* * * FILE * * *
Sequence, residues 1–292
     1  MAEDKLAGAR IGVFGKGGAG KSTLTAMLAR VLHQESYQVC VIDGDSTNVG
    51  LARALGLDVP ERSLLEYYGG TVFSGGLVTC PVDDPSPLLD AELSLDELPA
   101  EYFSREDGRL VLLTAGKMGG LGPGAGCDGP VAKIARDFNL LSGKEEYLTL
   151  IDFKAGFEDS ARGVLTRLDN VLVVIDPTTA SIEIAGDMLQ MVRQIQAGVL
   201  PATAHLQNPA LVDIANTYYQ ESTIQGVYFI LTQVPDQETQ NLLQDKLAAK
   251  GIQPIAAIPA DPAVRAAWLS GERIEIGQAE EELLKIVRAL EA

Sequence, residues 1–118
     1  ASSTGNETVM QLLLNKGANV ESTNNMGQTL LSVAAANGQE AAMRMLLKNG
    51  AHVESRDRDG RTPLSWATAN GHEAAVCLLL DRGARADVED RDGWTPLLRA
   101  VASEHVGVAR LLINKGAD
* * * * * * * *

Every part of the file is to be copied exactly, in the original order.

Sequence, residues 1–292
     1  MAEDKLAGAR IGVFGKGGAG KSTLTAMLAR VLHQESYQVC VIDGDSTNVG
    51  LARALGLDVP ERSLLEYYGG TVFSGGLVTC PVDDPSPLLD AELSLDELPA
   101  EYFSREDGRL VLLTAGKMGG LGPGAGCDGP VAKIARDFNL LSGKEEYLTL
   151  IDFKAGFEDS ARGVLTRLDN VLVVIDPTTA SIEIAGDMLQ MVRQIQAGVL
   201  PATAHLQNPA LVDIANTYYQ ESTIQGVYFI LTQVPDQETQ NLLQDKLAAK
   251  GIQPIAAIPA DPAVRAAWLS GERIEIGQAE EELLKIVRAL EA

Sequence, residues 1–118
     1  ASSTGNETVM QLLLNKGANV ESTNNMGQTL LSVAAANGQE AAMRMLLKNG
    51  AHVESRDRDG RTPLSWATAN GHEAAVCLLL DRGARADVED RDGWTPLLRA
   101  VASEHVGVAR LLINKGAD